The concept of justice continues to remain a matter of debate in the minds of political thinkers. There have been several attempts by political thinkers such as David Miller and Rawls who have attempted to define this concept. Generally it has been used as a substitute for words such as fairness, right and that which is morally correct. Which is why a good society is a just society and that which is unjust is condemned as something which is morally bad. Therefore, we can assume that till date, the term justice continues to remain a moral or normative concept. The figure of justice that has been depicted by holding her scales in her hands could also be referring to her balancing role between equality and liberty.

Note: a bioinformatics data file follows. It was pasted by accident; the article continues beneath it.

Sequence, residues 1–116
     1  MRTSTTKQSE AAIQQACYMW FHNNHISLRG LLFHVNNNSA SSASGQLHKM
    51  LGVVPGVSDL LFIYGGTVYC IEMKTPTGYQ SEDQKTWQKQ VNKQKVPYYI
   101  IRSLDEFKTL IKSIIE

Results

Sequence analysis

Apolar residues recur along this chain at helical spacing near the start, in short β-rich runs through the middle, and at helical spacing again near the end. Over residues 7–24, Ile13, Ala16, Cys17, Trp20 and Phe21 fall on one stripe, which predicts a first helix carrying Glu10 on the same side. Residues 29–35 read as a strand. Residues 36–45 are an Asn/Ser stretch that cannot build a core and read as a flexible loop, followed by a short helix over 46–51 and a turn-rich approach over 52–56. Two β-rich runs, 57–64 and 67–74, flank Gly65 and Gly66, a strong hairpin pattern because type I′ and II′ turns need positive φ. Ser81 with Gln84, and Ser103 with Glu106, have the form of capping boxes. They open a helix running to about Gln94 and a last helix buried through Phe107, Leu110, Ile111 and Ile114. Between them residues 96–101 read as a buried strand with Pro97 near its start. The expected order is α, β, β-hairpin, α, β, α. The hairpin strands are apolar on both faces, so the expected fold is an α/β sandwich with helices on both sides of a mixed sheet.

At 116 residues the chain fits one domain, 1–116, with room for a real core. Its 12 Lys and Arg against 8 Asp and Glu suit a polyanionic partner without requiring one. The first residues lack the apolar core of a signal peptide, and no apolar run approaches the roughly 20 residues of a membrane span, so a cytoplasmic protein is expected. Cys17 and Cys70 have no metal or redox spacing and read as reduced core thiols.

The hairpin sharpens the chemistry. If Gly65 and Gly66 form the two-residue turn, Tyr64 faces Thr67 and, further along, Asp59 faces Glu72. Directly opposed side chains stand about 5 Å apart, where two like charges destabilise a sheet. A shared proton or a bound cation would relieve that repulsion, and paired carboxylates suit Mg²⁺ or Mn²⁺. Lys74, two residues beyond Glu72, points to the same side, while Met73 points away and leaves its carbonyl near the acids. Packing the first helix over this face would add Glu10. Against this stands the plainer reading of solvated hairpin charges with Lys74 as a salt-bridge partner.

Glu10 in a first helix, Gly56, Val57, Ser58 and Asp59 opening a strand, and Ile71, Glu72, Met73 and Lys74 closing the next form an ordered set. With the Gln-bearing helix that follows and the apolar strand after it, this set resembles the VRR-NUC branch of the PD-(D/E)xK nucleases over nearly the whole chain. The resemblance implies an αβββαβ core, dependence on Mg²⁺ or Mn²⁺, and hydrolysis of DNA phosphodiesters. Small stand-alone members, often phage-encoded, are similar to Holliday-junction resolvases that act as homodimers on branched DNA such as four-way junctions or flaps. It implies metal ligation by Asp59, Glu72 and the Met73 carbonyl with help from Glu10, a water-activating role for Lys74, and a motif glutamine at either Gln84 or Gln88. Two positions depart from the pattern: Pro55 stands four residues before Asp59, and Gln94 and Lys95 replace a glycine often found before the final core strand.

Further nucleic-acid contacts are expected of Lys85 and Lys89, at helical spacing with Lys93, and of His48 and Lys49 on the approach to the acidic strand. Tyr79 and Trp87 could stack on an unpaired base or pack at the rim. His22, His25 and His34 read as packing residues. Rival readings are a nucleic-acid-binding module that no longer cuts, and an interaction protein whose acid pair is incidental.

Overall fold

Justice has been derived from the Latin word jungere, which means a bond or a tie. Justice means to organize people into a right or fair order of relationships by distributing to each one a due share of rights and duties, rewards and punishments. Hence this brings out the distributive concept of justice. In short it means giving each person what is due. But the difficult is to define what that due might be. What may we assume about the sort of rewards and penalties that this concept of justice seeks to ensure? It could come to mean wealth, income, leisure, liberty, friendship, etc. The Roman Emperor Justinian’s concpets revolved around the same theory of justice that Aristotle had propagated- the treatment of equals equally and unequals unequally in proportion to their unequalities. Now we can also link the concept of justice and law, “legal justice”. Legal Justice is practically concerned with distributing penalties according to the particular wrong doing or allocating compensation in the case of injury or damage.